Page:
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Doing Business In The UAE: What You Need To Know About Local Partners Entrepreneurs must first establish the type of business they are looking to set up, and whether or not it will be based in one of the UAE's many free zones– these two factors will determine whether or not a local partner is needed.

By Neil Petch

Opinions expressed by Entrepreneur contributors are their own.

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There is often a lot of confusion around the different types of companies that can be set up by foreign entrepreneurs in the UAE. To the outsider looking in, you could be forgiven for thinking that it can be a complex process– particularly when it comes to the need to work with a local partner.

So that's the question– do you actually need one?

To answer this, entrepreneurs must first establish the type of business they are looking to set up, and whether or not it will be based in one of the UAE's many free zones– these two factors will determine whether or not a local partner is needed. Should you wish to set up a professional services company, for example, these can be 100% foreign-owned, without the need for a local partner. The same is true of businesses operating within free zones.

However, these options are not suitable for everyone and therefore many UAE-based entrepreneurs must set up shop with the help of a local person. Essentially any business that falls under either commercial or industrial licenses, unless set up in a free zone, must register what's called a Limited Liability Company or LLC– this requires a local partner to hold a majority stake in the business. But don't worry, you won't end up signing away half your business and its profits– but more on that later.

Local partners can actually bring huge benefits for businesses wishing to trade within the UAE– and as the 16,000+ new commercial and industrial licenses that were issued in 2015 (according to the Dubai Statistics Center) go to testify, it's certainly not something that holds entrepreneurs back.

Related: The How-To: Licensing Your Business In The UAE

Partnership requirements: Understanding business types

There are three common ways for foreign entrepreneurs to set up a business within the UAE: obtaining a professional services license, setting up in a free zone, or forming an LLC.

1. Professional services license This is the only way for foreign entrepreneurs to own 100% of their business and set up outside of a free zone. As the name suggests, professional services licenses are issued to service providers and professional services businesses– there were 5,637 new licenses of this type issued in 2015. While they do not require any form of local ownership, they must be set up through a national service agent who receives a fee– however, the local agent has no liability or authority over the business. Professional services licenses are usually favored by businesses which require a local presence in the UAE– for example, restaurant owners who wish to open in a popular area.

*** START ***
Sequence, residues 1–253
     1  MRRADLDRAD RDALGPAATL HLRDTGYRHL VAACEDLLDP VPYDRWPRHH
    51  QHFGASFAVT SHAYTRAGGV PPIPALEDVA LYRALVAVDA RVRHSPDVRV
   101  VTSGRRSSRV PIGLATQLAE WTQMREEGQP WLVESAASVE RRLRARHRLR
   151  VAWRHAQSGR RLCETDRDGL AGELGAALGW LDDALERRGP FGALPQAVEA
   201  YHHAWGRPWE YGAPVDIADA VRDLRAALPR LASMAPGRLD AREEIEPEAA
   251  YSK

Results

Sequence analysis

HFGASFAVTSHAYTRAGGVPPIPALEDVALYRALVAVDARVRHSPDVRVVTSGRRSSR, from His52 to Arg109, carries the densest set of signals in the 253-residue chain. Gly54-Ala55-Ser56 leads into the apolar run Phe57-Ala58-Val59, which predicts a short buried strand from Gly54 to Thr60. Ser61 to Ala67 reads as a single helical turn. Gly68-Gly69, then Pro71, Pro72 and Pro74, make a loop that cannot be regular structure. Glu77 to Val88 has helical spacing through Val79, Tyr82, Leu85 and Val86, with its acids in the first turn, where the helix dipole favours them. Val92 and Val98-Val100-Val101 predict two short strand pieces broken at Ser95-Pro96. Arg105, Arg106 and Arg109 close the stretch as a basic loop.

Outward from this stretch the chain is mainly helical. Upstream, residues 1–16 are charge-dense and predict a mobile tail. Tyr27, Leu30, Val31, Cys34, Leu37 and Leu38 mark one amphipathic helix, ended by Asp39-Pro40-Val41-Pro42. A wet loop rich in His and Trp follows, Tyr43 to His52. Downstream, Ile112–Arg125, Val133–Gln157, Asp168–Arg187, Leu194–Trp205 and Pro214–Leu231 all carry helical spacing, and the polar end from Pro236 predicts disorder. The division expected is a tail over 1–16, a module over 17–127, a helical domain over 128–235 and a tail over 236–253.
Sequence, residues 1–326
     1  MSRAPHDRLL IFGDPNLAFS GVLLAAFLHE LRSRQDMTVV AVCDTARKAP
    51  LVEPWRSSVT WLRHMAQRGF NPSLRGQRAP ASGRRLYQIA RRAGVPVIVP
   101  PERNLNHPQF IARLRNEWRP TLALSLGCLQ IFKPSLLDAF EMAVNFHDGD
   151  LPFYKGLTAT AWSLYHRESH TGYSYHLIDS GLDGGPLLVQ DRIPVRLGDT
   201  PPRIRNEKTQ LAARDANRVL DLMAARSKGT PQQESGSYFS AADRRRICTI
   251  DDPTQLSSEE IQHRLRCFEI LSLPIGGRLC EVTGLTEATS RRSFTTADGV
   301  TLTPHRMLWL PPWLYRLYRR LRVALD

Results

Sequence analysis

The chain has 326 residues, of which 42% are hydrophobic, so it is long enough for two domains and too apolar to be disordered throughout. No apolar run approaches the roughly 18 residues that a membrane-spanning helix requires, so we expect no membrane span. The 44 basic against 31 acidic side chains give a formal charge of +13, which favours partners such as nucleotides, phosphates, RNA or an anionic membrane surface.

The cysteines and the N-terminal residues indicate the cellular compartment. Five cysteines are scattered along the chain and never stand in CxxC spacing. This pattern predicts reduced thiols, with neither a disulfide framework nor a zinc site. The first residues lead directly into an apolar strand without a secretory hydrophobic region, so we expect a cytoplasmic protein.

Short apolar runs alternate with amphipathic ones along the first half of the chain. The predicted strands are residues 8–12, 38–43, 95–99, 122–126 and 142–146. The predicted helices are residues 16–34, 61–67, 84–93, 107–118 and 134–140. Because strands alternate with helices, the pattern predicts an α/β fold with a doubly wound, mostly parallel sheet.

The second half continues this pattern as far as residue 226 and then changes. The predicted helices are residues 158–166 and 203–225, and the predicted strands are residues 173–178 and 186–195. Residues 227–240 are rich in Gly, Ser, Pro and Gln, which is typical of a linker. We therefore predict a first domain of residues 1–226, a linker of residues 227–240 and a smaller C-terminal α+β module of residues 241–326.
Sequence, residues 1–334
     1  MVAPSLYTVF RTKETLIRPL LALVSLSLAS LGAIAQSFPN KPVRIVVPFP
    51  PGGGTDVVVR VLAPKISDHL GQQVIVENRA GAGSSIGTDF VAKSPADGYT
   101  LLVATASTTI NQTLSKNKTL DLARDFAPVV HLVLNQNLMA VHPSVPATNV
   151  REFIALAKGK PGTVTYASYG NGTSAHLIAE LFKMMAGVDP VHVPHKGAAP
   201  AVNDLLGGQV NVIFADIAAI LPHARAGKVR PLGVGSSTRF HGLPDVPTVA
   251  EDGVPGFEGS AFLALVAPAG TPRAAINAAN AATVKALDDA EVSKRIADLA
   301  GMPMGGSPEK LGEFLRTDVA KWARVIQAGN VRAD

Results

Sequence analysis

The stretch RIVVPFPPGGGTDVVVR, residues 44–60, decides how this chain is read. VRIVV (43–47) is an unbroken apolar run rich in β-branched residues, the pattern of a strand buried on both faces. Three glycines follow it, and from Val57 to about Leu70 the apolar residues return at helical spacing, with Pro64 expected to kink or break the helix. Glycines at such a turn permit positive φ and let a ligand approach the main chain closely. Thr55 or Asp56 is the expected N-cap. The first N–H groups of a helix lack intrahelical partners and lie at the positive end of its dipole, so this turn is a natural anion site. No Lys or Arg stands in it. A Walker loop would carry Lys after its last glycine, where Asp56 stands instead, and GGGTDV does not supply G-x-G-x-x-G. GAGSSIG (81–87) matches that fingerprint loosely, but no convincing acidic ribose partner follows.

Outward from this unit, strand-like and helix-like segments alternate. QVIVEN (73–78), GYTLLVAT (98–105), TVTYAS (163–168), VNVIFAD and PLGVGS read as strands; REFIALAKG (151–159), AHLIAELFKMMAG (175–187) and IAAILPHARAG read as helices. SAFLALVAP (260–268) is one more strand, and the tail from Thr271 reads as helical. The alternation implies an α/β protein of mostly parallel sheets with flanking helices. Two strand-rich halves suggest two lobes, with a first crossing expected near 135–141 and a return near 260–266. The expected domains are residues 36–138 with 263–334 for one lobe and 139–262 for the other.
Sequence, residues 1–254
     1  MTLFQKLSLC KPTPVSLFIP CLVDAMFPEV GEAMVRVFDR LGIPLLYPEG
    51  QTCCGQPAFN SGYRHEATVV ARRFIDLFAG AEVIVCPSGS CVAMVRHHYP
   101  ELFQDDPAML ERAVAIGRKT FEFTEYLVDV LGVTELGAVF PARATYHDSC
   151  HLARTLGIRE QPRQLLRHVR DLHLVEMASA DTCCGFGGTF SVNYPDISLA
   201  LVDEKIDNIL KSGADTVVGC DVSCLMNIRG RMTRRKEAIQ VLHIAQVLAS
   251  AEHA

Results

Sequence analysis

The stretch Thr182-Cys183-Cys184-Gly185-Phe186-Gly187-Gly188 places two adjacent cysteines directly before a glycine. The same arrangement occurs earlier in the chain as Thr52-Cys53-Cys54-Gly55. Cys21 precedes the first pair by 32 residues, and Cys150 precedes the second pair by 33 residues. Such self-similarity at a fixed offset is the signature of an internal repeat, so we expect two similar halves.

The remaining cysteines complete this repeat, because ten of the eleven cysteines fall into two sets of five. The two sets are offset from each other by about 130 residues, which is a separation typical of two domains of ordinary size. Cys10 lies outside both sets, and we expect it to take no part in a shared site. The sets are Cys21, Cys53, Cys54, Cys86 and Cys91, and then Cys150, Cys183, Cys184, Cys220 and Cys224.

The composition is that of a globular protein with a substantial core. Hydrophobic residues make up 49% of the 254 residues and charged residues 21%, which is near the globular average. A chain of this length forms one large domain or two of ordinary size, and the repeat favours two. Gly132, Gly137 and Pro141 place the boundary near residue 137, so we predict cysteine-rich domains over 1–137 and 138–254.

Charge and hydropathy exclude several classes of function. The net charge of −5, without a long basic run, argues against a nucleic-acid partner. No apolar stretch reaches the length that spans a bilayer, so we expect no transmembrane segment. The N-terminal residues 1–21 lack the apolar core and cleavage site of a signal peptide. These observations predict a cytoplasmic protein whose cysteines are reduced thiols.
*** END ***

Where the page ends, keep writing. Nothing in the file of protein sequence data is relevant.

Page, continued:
2. Free zones This is another way for foreign entrepreneurs to retain 100% ownership of their business. Free zones are essentially designated areas throughout the UAE that offer various benefits to those wishing to set up a business– which, besides 100% ownership, also includes 100% personal and corporate tax exemption. Entrepreneurs who set up within free zones also have the option to repatriate 100% of their business profits. However, free zone businesses cannot trade directly with the local market in the UAE without the help of a local agent or distributor, who, again, will take a fee.

3. LLCs Businesses that wish to trade locally within the UAE and fall under either commercial or industrial licenses –which includes retail and trade businesses as well as manufacturers– must form an LLC. Last year alone, there were 15,945 commercial and 201 industrial licenses issued in the UAE– making LLCs the most common business type in the UAE. There are very few limitations to the types of business activities that can be undertaken by LLCs –with the exception of banking, insurance and investment– and the only key requirement is that they must be at least 51% owned by a UAE national. What is extremely important to note, however, is that profits are not shared along these percentage lines. In fact, in most cases, the local partner is paid an annual fee– meaning entrepreneurs retain 100% of their profits and are not even required to divulge their accounts. Alternatively, though less common, the local partner receives a pre-determined percentage of either sales or profits.

Related: Legal Advice Before Leg Work In The UAE

The benefits of having a local partner

Perhaps understandably, the 49/51 split in favor of a local partner immediately rings alarm bells in the heads of expat entrepreneurs looking to set up in the UAE. However, as we have already established, depending on the agreement with the local partner, entrepreneurs are still able to reap 100% of their profits. And even when a profit share is agreed, it is usually for a minimal amount.